Given this inauspicious start, what might we expect to see in Myanmar in 2017? While the biannual National Political Dialogue conferences will continue — and begin to move on to issues of substance — meaningful progress in that area will depend on establishing lasting peace on the ground in Shan and Kachin States, something that looks increasingly unlikely at the moment. The NLD is still likely to enjoy relatively strong public support in leading the negotiations, but continued convergence of its stance with the military’s hard-line position will likely further alienate non-signatory groups and indicates that eventual negotiations over federalism could be quite contentious.

The creation of an Advisory Commission on Rakhine State, headed by former UN Secretary General Kofi Annan, was supposed to represent a way forward in that troubled area — to find a middle ground between domestic interests and international concerns. But the Commission might have been hamstrung at its conception. It has been consistently greeted with protests and boycotts since its first visit in September.

A US government potentially less concerned with protecting the Rohingya than with reinforcing norms of exclusionary xenophobia will also reduce pressure on the Myanmar government to fulfil even its minimal humanitarian duties. A few promising moments in July, where NLD officials and religious leaders publicly spoke out against religious hate speech and the divisive efforts of some members of Ma Ba Tha, have not seen any meaningful follow up. These tensions remain just below the surface.

Outside investment is likely to increase in the coming year, even if continued instability keeps it lower than expected. Government officials need to ensure that pressure for rapid economic growth does not come at the expense of community engagement and robust socially responsible development. Land rights continue to simmer as the only issue with the potential to ignite truly country-wide anti-government protests, so the government must tread carefully. There is also a concern that, having invested so much in Myanmar’s successful transition, many of the countries that supported its democracy movement for so long will be less inclined to challenge the NLD government on important issues of rights and justice.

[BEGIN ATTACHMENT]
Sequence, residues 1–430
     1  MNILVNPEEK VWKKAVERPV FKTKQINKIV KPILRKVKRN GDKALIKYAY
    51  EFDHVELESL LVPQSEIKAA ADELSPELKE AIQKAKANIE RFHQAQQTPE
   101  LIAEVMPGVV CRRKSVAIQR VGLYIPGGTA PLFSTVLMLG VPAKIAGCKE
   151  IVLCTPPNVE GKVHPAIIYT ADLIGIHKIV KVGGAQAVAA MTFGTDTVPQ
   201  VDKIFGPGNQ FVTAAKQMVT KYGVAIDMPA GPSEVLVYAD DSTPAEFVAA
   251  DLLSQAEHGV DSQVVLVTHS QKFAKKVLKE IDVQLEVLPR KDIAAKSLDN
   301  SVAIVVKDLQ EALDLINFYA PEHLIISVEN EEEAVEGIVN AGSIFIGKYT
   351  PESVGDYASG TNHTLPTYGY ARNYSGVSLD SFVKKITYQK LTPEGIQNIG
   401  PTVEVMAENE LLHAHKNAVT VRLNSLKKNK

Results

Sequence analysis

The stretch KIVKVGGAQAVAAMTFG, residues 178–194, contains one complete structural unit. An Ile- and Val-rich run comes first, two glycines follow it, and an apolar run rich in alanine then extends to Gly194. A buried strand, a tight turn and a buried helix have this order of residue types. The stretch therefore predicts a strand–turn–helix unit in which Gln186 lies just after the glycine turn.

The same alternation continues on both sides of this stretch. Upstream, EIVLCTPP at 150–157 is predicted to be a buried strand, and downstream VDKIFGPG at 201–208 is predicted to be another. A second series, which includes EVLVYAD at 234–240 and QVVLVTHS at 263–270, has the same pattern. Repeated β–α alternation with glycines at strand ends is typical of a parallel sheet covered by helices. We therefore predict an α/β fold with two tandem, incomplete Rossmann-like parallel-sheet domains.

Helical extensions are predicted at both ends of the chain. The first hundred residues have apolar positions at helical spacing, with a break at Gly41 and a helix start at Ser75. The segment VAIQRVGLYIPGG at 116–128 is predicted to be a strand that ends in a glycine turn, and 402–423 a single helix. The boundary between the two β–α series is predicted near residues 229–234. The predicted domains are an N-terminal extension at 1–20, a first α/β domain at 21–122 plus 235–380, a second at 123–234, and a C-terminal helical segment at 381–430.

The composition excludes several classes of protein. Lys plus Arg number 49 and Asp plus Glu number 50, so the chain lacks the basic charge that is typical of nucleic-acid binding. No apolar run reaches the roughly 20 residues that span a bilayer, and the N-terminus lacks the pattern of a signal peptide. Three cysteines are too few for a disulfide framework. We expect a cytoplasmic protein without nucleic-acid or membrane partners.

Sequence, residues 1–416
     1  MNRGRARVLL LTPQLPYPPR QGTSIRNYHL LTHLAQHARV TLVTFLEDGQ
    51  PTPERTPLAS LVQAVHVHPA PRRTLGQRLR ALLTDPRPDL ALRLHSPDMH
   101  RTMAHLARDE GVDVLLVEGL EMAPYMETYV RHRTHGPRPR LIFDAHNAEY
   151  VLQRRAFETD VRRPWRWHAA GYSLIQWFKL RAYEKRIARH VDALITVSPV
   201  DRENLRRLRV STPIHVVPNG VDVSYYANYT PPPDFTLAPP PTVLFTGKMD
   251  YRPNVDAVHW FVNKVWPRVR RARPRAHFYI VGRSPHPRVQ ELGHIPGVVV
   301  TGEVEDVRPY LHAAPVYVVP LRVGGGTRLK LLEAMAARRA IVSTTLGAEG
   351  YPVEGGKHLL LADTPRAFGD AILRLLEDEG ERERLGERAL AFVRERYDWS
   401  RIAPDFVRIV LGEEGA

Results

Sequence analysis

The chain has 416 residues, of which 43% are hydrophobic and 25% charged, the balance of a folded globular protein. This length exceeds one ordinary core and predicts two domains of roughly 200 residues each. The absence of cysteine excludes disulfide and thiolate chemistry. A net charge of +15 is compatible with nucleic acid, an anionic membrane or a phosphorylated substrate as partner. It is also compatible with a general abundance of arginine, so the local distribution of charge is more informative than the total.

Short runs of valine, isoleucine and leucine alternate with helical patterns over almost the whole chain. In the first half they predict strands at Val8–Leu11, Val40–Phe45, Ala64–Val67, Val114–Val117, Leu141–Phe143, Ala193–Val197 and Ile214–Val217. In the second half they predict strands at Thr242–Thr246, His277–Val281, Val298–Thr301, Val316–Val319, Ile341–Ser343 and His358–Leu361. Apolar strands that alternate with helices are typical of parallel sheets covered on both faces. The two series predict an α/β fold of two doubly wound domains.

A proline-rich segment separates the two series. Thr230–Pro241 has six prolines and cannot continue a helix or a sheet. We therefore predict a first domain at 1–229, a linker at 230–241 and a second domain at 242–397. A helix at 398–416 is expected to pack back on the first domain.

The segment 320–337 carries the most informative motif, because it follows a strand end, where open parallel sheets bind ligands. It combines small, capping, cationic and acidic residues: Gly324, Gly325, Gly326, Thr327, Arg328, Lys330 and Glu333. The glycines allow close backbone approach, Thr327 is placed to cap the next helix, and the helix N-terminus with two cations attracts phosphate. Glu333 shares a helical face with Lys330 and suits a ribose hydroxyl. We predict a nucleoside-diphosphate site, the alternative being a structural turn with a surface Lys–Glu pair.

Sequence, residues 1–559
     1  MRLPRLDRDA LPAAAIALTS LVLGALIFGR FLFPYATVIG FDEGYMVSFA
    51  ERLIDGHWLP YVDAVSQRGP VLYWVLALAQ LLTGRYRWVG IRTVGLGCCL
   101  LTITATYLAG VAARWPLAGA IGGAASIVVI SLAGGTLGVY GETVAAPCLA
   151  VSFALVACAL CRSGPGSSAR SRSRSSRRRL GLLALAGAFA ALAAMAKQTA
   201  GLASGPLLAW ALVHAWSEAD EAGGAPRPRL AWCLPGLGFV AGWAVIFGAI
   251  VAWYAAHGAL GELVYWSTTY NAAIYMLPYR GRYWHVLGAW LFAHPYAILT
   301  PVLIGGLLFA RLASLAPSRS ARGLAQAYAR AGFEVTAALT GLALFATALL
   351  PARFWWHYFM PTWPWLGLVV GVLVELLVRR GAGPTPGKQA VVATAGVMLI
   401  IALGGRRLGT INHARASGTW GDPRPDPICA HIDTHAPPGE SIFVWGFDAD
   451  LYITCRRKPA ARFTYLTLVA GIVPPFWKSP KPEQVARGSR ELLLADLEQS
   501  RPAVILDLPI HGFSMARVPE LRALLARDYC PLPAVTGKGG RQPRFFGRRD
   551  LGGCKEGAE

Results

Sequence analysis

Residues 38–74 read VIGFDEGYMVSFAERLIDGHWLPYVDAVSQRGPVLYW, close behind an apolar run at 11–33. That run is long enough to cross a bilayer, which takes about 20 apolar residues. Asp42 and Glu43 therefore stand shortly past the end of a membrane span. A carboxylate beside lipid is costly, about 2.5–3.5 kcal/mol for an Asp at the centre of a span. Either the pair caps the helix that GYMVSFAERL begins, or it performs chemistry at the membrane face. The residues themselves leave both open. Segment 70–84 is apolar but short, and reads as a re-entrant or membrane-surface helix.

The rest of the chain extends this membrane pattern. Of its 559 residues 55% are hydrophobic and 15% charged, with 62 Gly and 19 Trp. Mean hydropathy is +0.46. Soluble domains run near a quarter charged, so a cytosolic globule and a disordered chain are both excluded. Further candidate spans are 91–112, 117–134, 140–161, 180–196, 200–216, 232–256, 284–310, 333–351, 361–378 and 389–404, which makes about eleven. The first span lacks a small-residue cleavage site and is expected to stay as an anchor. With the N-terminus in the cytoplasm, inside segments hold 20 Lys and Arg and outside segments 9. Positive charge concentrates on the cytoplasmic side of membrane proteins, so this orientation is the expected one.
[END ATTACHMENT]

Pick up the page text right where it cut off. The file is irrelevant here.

Above all, progress will be elusive as long as Myanmar’s governance remains a one-woman show. Multiple reports since the NLD took power have described the bottleneck at the top of the government, where most decisions need to be approved by Aung San Suu Kyi. Not only does this limit the opportunities for knowledgeable people in government and civil society to contribute to policy development and implementation, it hampers the administration’s ability to deal with Myanmar’s multitude of priority issues in a timely fashion.

Only if Aung San Suu Kyi releases the restrictions (both formal and informal) on her own ministry officials and parliamentarians and embraces the expertise and energy from Myanmar’s impressive array of community-based organisations, will the country be able to effectively address its political, economic and social challenges in the coming year.

Matthew J. Walton is the Aung San Suu Kyi Senior Research Fellow in Modern Burmese Studies at St Antony’s College, University of Oxford.

This article is part of an EAF special feature series on 2016 in review and the year ahead.

One response to “Myanmar’s year of high hopes”

  1. Thanks for your goodwill and suggestions.
    But why do you think Al Jazeera is credible?
    Even the BBC always credible?
    As a scholar, you may be interested in knowing the history and truth behind the Rakhine issues. Below is the page which has download link for the book called “Rohingya Hoax” written by a respected scholar and printed in USA in 2009. Wish you have better insights and judgement along the way. Thanks.